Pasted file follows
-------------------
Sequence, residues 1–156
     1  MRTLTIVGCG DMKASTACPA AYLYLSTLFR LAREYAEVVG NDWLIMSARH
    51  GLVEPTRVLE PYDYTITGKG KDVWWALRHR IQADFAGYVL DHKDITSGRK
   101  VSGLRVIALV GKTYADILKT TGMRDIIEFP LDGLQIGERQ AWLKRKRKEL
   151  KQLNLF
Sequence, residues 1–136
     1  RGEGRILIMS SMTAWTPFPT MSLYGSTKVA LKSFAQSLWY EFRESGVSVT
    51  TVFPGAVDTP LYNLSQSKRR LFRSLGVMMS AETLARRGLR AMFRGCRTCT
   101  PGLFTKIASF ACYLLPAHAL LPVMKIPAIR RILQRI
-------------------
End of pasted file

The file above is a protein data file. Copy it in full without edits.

Sequence, residues 1–156
     1  MRTLTIVGCG DMKASTACPA AYLYLSTLFR LAREYAEVVG NDWLIMSARH
    51  GLVEPTRVLE PYDYTITGKG KDVWWALRHR IQADFAGYVL DHKDITSGRK
   101  VSGLRVIALV GKTYADILKT TGMRDIIEFP LDGLQIGERQ AWLKRKRKEL
   151  KQLNLF
Sequence, residues 1–136
     1  RGEGRILIMS SMTAWTPFPT MSLYGSTKVA LKSFAQSLWY EFRESGVSVT
    51  TVFPGAVDTP LYNLSQSKRR LFRSLGVMMS AETLARRGLR AMFRGCRTCT
   101  PGLFTKIASF ACYLLPAHAL LPVMKIPAIR RILQRI